Italy and Spain suffered their deadliest days yet from the coronavirus outbreak. The government in Madrid warned citizens that the situation will get worse.
Italy reported 969 deaths in 24 hours, and Spain 769. Italy now has 86,498 total cases, roughly the same number as the U.S. and more than China, where the disease’s first outbreak occurred. A slowdown in new cases in Italy was the one silver lining.
Both countries are in almost complete lockdown, with their governments counting on limited social interactions to help contain the spread of the disease. Spanish Prime Minister Pedro Sanchez convened an emergency cabinet meeting to try to chart a way out of the crisis rapidly engulfing the nation.
“We may be entering a phase of stabilization, but we haven’t reached the peak yet,” Health Minister Salvador Illa said at a news conference in Madrid.
With Italy and Spain now reporting the most deaths worldwide, Europe’s outbreak is stretching health-care systems and in some cases forcing doctors to choose who should live or die. The head of the World Health Organization tried to rally support for the battle against the disease on Friday, even as some world leaders like U.S. President Donald Trump question the need for extreme measures.
U.K. Prime Minister Boris Johnson, who was criticized for being slow to react to the epidemic, became the first world leader to say he has tested positive and is self-isolating in his Downing Street offices with “mild symptoms.” Prince Charles, the heir to the British throne, also has the virus.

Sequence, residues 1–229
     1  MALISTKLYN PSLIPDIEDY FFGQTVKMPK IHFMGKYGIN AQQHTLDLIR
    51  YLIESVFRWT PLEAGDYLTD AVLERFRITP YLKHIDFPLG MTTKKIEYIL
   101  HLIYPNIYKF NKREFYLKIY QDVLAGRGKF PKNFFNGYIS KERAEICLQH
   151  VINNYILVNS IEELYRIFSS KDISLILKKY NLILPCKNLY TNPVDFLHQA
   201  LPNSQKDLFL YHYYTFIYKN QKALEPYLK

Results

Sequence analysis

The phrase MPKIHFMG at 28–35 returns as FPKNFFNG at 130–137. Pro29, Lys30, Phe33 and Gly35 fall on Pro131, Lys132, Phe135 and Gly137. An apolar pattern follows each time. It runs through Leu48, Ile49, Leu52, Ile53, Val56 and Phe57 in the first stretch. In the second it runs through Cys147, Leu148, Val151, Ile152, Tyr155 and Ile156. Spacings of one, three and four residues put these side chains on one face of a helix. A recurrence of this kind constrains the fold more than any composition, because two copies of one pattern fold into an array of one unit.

U.K. infections are doubling every three to four days, Cabinet Minister Michael Gove said. Some 14,543 people in Britain have now tested positive for coronavirus, a 2,885 increase on Thursday’s tally. Apart from Johnson, Health Secretary Matt Hancock also tested positive and the government’s chief medical officer Chris Whitty said he had symptoms and would self-isolate for a week.a
In France, cases rose to 32,964 from 29,155, with a total of 1,696 deaths.
European Union leaders have largely recognized the danger but struggled to agree at a virtual summit Thursday on a joint strategy to limit the economic impact. They left key details to be hammered out in the weeks ahead.
Italian President Sergio Mattarella said in a video statement that while the ECB and the European Commission have taken “important and positive financial and economic decisions” to counter the coronavirus crisis, heads of state so far have failed to act collectively.
In the absence of a shared EU response, national governments have been going it alone. In Germany, the upper house of parliament gave the final green light Friday to a package totaling more than 750 billion euros ($826 billion).
While the death toll is still mounting, Italy’s health authorities sounded cautiously optimistic in recent days as new cases appear to be slowing. That was confirmed Friday, as new infections in the country slowed to 5,959, compared with 6,153 the previous day, civil protection authorities said at their daily news conference in Rome.
Lombardy Governor Attilio Fontana, who heads the region with the worst outbreak, said before Friday’s death toll was released that a decline in cases may come in days.
Even as the spread seems to be slowing, evidence of its impact on the economy is starting to emerge. Confidence among Italian businesses crashed this month across all sectors. Consumer sentiment also deteriorated.
Alitalia, Italy’s bankrupt state airline, announced it will lay off almost 7,000 workers, while Arcelor Mittal’s Taranto steel mill, Europe’s largest by capacity, asked to temporarily suspend its whole staff, more than 8,000 people.
Italy’s gross domestic product may shrink by 6.5% in 2020, according to research group Prometeia. The government has pledged to launch a second stimulus package worth at least 25 billion euros in April, after approving a similar amount this month.
(Updates with French figures in eighth paragraph.)
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